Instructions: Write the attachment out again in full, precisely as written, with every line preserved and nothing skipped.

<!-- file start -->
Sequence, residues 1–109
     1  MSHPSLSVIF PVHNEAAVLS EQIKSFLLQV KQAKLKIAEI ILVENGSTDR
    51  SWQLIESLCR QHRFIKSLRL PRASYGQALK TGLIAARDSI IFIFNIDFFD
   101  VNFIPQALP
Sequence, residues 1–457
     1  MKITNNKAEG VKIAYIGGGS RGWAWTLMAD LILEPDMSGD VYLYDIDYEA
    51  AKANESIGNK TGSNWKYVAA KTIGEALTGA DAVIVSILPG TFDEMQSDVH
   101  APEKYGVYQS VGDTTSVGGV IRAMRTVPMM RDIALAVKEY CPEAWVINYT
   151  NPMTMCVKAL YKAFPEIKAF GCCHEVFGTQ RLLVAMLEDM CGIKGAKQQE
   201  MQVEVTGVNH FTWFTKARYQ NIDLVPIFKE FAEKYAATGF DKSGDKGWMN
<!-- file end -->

Sequence, residues 1–109
     1  MSHPSLSVIF PVHNEAAVLS EQIKSFLLQV KQAKLKIAEI ILVENGSTDR
    51  SWQLIESLCR QHRFIKSLRL PRASYGQALK TGLIAARDSI IFIFNIDFFD
   101  VNFIPQALP
Sequence, residues 1–457
     1  MKITNNKAEG VKIAYIGGGS RGWAWTLMAD LILEPDMSGD VYLYDIDYEA
    51  AKANESIGNK TGSNWKYVAA KTIGEALTGA DAVIVSILPG TFDEMQSDVH
   101  APEKYGVYQS VGDTTSVGGV IRAMRTVPMM RDIALAVKEY CPEAWVINYT
   151  NPMTMCVKAL YKAFPEIKAF GCCHEVFGTQ RLLVAMLEDM CGIKGAKQQE
   201  MQVEVTGVNH FTWFTKARYQ NIDLVPIFKE FAEKYAATGF DKSGDKGWMN